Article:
To me, Elizabeth Warren’s the best candidate running, hands down. She has the best ideas, the best story, the best mind, and would, to my estimation, be the effective, transformative President our country, and history, need. If you think elsewise, that’s fine. But I’ll be goddamned if I’m not going to vote for her this primary season because I’m afraid she might lose because of her gender.

Like the importance of Iowa and New Hampshire and Nevada and South Carolina — with all due respect to the voters of those states — the perception that America is too sexist to elect a woman President is just a perception, one rooted more in the interests of those most invested in a status quo that needs to change than in reality, present and future. I, for one, am not gonna let it warp my actions, and goddamnit, I don’t think you should, either.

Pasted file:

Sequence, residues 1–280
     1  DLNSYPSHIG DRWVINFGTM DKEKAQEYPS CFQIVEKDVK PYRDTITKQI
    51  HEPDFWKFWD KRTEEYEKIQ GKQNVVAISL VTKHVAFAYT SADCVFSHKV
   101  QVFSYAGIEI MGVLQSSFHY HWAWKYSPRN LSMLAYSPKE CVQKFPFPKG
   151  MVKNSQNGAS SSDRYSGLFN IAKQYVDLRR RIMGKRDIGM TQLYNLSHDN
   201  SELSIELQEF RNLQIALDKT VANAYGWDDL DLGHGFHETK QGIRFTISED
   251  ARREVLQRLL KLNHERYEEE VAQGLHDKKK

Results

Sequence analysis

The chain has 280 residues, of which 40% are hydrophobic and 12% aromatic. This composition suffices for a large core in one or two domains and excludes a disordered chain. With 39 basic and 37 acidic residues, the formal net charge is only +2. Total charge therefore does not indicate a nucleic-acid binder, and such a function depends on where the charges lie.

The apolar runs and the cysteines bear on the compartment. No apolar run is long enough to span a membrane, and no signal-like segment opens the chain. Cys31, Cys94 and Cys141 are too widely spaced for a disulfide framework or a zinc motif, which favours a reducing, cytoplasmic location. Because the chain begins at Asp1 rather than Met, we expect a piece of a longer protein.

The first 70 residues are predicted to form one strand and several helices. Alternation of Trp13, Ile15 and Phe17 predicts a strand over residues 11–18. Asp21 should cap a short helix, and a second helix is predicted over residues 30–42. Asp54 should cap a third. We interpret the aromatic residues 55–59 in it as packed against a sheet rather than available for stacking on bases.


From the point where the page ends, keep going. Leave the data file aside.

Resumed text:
Vote for Elizabeth Warren.

The Samurai and the Millionaire Socialist: Liz and Bernie at the Nevada Debate

Oh, how I’ve longed to see the side of Elizabeth Warren who came out last night. All campaign long, I’ve understood as she held back, aiming to be the one who could unite the disparate wings of the party and so not throwing elbows at anyone, for the most part, so that when the general election came, progressives and moderates and everyone else could stand and fight together against the creeping oligarchy and nascent white christian nationalist fascism that threatens democracy, the future, and the viability of human civilization on our rapidly warming planet.